If you want your camera equipment to stay in tip-top shape, you must clean it regularly — and you should also be keeping it safe to begin with.
In this article, I’m going to give you some simple tips on how you can ensure your camera and lenses remain free of dirt, dust, and more. Then I’m going to give you step-by-step instructions for cleaning debris off your camera (because, let’s face it, it’ll probably happen eventually!).
Let’s dive right in.
How to Clean My Camera: Table of Contents
- Start With Proper Camera Care
- How to Clean Your Camera and Lenses: Equipment
- How to Clean Your Camera and Lens: A Step-By-Step Guide
- What About Cleaning Your Camera Sensor?
- How to Clean My Camera: Conclusion
Start With Proper Camera Care
What’s the best way to clean your camera? Prevent it from becoming dirty in the first place.
So in the next few sections, I’m going to share my best tips for keeping your camera and lenses safe in tough environments, starting with:
Rain and Snow
Camera equipment and water (either rain or snow) don’t mix. Rain, in particular, can be hazardous to your equipment, especially if it’s coming down hard.
Fortunately, there’s a simple fix: Use a waterproof cover.
This fits around your camera setup and protects it from the elements (though it leaves a hole in the front for your lens, and will have openings in the side for your hands so that you can access your camera settings easily).
Waterproof covers are also quite inexpensive, which means that you don’t have to spend lots of money protecting your equipment.
Are they perfect?
No. They’re inconvenient to work with, because it’s tough to access your lens’s zoom ring or focus ring. And it can be difficult to use a waterproof cover while looking through your camera’s viewfinder.
But it’s worth the inconvenience, given the alternative.
While cameras are often built to withstand significant cold, there’s one big problem that can cause significant equipment damage:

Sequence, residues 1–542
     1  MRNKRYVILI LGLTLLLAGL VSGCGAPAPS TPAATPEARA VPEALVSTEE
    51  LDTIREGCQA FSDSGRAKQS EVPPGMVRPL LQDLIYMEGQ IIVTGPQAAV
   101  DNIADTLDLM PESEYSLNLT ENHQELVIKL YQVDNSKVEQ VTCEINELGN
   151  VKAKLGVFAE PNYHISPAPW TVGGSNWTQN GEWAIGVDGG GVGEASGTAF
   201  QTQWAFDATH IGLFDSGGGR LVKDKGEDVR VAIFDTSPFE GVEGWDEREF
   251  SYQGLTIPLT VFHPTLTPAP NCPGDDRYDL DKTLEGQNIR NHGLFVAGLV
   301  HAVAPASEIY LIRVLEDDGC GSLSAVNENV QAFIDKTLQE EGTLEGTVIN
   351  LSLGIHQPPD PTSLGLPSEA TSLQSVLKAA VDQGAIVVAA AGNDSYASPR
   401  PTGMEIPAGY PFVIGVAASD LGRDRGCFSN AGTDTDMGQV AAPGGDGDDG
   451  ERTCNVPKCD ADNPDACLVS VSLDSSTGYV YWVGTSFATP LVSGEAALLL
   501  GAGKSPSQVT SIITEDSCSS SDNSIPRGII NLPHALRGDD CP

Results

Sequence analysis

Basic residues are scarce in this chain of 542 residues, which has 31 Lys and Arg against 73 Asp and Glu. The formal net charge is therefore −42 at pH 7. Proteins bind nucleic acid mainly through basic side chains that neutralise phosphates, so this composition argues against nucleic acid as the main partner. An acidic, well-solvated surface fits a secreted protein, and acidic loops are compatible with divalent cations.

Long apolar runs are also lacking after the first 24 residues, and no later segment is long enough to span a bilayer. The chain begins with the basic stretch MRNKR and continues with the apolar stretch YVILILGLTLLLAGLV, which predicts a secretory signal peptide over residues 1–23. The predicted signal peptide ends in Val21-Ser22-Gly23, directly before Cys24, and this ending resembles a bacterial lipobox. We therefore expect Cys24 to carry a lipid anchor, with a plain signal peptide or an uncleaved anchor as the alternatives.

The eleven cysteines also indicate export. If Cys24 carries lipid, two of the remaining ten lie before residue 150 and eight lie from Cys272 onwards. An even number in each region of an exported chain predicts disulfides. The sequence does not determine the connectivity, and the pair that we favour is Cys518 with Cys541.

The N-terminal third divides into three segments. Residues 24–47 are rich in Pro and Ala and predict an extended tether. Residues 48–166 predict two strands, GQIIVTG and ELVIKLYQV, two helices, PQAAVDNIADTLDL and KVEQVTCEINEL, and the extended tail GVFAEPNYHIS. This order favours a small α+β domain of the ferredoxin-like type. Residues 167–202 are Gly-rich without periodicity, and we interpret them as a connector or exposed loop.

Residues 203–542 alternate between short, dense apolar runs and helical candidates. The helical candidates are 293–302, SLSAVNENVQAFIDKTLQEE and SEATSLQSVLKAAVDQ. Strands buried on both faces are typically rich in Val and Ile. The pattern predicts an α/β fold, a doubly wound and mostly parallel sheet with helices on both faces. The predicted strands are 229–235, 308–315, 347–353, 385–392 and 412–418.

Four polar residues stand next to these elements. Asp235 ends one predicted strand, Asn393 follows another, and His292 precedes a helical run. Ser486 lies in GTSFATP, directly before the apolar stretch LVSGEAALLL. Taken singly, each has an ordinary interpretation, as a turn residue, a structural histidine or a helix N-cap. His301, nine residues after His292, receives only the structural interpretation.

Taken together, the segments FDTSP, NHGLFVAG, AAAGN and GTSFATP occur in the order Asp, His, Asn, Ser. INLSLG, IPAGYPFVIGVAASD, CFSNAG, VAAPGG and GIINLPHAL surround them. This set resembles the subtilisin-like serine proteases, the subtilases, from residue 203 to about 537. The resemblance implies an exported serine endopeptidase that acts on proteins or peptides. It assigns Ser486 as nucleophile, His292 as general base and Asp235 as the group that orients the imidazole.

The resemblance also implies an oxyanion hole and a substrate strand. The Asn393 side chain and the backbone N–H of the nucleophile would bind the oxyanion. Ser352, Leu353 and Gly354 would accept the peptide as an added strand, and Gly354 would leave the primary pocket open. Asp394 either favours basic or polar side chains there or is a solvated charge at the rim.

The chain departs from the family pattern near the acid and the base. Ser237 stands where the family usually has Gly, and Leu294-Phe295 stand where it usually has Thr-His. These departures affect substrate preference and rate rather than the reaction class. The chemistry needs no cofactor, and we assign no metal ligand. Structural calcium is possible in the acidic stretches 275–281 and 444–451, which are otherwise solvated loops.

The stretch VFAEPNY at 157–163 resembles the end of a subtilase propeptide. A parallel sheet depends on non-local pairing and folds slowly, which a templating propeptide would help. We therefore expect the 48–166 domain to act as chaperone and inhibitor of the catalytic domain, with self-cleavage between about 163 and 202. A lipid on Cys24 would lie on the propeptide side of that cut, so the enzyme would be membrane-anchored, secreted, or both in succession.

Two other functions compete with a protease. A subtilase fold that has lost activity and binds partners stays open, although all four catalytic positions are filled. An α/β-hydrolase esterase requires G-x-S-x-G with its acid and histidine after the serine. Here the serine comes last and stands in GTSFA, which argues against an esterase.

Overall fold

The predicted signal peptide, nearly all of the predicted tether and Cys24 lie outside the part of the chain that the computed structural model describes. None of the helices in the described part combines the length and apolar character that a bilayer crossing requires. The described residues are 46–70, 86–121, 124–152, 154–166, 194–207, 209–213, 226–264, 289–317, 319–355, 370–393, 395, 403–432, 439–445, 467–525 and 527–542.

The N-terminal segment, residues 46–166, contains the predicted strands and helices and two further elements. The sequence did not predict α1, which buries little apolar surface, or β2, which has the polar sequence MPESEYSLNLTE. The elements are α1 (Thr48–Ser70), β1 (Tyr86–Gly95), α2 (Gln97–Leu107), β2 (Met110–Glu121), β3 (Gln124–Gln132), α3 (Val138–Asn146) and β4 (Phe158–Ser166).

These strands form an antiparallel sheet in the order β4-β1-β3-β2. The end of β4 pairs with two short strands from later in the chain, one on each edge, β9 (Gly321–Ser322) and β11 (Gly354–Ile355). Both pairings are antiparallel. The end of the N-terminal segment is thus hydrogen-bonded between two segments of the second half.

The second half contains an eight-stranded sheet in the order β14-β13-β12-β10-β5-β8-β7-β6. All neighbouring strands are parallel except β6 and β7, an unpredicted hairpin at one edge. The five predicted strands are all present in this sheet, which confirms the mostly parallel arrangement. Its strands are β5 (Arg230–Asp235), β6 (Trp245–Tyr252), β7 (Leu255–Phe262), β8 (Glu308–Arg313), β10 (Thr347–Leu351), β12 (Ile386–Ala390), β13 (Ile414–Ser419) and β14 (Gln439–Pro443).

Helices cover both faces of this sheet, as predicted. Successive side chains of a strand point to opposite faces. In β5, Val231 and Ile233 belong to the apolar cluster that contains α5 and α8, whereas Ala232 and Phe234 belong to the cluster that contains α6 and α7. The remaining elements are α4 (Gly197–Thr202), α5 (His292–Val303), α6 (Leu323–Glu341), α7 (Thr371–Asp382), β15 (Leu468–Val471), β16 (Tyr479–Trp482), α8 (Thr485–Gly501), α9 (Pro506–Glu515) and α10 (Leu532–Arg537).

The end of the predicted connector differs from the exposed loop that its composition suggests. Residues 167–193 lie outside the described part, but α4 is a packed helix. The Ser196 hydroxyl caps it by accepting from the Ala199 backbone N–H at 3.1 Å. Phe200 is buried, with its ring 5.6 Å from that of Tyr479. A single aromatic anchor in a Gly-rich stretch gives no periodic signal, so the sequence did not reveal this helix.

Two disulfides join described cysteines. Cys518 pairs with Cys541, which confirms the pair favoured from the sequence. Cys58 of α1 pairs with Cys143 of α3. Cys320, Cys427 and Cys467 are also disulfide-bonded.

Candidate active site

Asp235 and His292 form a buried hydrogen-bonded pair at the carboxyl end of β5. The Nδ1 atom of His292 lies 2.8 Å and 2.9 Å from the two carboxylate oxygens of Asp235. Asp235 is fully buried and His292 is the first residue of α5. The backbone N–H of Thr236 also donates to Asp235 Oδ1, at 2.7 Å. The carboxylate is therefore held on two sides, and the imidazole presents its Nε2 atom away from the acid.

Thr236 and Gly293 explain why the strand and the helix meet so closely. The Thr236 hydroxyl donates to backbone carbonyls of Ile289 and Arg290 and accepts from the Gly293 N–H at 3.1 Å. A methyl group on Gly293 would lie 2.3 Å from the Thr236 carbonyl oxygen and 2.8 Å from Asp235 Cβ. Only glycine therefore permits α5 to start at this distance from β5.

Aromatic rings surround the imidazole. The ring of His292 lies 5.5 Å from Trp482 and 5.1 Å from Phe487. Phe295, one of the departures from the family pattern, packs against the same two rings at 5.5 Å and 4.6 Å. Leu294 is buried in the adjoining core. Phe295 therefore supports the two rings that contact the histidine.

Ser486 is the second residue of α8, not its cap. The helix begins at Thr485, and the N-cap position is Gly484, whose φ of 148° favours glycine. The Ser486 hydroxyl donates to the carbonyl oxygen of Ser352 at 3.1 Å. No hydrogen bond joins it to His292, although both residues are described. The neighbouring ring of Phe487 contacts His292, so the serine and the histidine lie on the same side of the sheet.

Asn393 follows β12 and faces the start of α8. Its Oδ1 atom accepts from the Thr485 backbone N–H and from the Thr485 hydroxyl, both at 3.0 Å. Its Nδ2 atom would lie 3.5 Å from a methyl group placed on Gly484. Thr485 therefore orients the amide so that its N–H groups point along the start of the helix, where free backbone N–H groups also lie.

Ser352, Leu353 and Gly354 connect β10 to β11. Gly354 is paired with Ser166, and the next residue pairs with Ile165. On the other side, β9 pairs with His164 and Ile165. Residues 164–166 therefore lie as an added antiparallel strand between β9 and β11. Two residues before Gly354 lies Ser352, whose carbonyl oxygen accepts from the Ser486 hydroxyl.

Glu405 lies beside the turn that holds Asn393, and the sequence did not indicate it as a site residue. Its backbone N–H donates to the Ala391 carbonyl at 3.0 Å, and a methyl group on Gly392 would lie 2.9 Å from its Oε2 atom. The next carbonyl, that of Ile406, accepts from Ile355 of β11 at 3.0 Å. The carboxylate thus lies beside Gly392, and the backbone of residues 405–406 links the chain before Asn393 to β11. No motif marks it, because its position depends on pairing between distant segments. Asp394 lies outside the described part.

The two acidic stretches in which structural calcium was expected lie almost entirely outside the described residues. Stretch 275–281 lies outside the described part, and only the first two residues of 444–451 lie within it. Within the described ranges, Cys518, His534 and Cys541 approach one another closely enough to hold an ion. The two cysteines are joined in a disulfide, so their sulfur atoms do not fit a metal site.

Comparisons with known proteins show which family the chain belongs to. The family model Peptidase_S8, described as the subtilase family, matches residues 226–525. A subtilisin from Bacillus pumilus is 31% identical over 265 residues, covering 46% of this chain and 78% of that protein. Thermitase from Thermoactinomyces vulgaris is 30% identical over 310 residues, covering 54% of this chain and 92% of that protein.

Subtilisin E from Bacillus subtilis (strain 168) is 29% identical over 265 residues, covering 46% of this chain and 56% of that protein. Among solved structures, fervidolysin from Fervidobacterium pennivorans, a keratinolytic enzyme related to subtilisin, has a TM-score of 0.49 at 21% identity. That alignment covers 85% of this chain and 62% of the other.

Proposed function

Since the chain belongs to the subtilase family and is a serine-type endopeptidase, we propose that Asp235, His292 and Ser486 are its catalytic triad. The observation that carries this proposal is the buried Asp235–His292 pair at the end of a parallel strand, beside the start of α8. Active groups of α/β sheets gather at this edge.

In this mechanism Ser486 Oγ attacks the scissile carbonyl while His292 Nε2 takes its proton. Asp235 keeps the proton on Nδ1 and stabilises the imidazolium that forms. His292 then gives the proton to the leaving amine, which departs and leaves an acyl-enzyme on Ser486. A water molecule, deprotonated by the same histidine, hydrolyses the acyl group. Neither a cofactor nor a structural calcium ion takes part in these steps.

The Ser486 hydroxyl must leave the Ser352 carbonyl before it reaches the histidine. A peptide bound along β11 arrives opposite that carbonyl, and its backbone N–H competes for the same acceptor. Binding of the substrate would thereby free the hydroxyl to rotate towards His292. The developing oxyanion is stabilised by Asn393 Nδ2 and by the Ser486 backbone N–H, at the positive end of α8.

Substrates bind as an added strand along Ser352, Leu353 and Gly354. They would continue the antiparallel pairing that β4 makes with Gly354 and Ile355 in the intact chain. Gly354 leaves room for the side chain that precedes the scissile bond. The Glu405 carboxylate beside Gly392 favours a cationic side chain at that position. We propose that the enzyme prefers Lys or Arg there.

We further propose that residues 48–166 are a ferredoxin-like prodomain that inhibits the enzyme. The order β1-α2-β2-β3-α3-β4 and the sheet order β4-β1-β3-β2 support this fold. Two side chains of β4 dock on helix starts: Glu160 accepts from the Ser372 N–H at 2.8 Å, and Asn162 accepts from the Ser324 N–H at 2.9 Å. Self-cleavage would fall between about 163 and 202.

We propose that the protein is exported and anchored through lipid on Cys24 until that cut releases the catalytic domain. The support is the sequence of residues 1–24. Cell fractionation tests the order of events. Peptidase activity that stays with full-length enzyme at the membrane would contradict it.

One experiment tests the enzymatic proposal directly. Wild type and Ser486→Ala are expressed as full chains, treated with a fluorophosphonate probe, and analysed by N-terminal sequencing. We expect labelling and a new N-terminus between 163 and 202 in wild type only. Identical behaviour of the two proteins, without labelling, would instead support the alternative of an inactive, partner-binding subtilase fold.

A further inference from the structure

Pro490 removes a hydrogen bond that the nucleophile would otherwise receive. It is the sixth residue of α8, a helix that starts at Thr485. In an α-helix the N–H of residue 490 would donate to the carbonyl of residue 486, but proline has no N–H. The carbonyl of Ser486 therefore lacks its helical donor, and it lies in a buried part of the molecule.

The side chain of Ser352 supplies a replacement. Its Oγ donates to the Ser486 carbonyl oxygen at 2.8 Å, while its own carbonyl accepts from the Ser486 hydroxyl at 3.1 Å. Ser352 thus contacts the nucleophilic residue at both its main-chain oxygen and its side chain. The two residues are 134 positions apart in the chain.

When your setup has been out in the cold and then suddenly moves back into a warm environment, condensation will form on the front of the lens.
This is bad for a few reasons. First of all, if you’re planning on doing more photography, you won’t be able to capture a sharp image. But more importantly, moisture on your lens can linger (plus, in worst-case scenarios, it can help fungus to form).
That’s why you want to avoid condensation in the first place.
So what should you do?
First, when preparing to come back inside after time in the cold, put your equipment in your (tightly sealed) camera bag. Then let the air in the camera bag adjust to the new temperature for a few hours. Once the process has finished, you can open up your camera bag — knowing that your equipment remains free of condensation.
Second, when you’re out in the cold, refrain from putting your camera setup under your coat or in a pocket. Sticking a cold camera under your warm coat is similar to heading indoors, and the cold-to-warm movement is a condensation risk.
As a photographer, I despise sand. And if you’ve ever photographed in a sandy environment, I’m guessing that you do, too.
Sand just seems to get everywhere — and it’s very, very harmful to your equipment. It can get into the buttons of your camera and stop them from working. And it can get into the openings of your lens and wear down the mechanics.
So when you’re out in the field, you must be extremely vigilant. For one, you should never touch the sand. And if one of your hands does come in contact with sand, wipe it off immediately (and as thoroughly as possible). Only then can you comfortably touch your camera/lens with that hand.